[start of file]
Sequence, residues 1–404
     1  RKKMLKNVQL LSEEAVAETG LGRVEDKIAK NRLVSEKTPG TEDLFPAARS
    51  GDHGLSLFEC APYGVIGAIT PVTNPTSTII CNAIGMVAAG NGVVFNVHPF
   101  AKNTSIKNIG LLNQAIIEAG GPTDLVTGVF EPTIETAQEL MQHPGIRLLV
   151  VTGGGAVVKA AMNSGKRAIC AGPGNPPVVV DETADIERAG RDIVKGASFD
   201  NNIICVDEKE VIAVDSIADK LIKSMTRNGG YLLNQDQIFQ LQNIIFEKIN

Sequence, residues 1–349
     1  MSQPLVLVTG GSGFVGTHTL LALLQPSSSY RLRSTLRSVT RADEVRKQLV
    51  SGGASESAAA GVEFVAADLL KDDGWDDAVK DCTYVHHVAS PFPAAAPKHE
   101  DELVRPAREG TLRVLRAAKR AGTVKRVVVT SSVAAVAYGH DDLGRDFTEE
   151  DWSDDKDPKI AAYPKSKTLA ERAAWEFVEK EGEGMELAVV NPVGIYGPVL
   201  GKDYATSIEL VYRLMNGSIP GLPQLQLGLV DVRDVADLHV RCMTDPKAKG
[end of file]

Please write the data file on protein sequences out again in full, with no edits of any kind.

Sequence, residues 1–404
     1  RKKMLKNVQL LSEEAVAETG LGRVEDKIAK NRLVSEKTPG TEDLFPAARS
    51  GDHGLSLFEC APYGVIGAIT PVTNPTSTII CNAIGMVAAG NGVVFNVHPF
   101  AKNTSIKNIG LLNQAIIEAG GPTDLVTGVF EPTIETAQEL MQHPGIRLLV
   151  VTGGGAVVKA AMNSGKRAIC AGPGNPPVVV DETADIERAG RDIVKGASFD
   201  NNIICVDEKE VIAVDSIADK LIKSMTRNGG YLLNQDQIFQ LQNIIFEKIN

Sequence, residues 1–349
     1  MSQPLVLVTG GSGFVGTHTL LALLQPSSSY RLRSTLRSVT RADEVRKQLV
    51  SGGASESAAA GVEFVAADLL KDDGWDDAVK DCTYVHHVAS PFPAAAPKHE
   101  DELVRPAREG TLRVLRAAKR AGTVKRVVVT SSVAAVAYGH DDLGRDFTEE
   151  DWSDDKDPKI AAYPKSKTLA ERAAWEFVEK EGEGMELAVV NPVGIYGPVL
   201  GKDYATSIEL VYRLMNGSIP GLPQLQLGLV DVRDVADLHV RCMTDPKAKG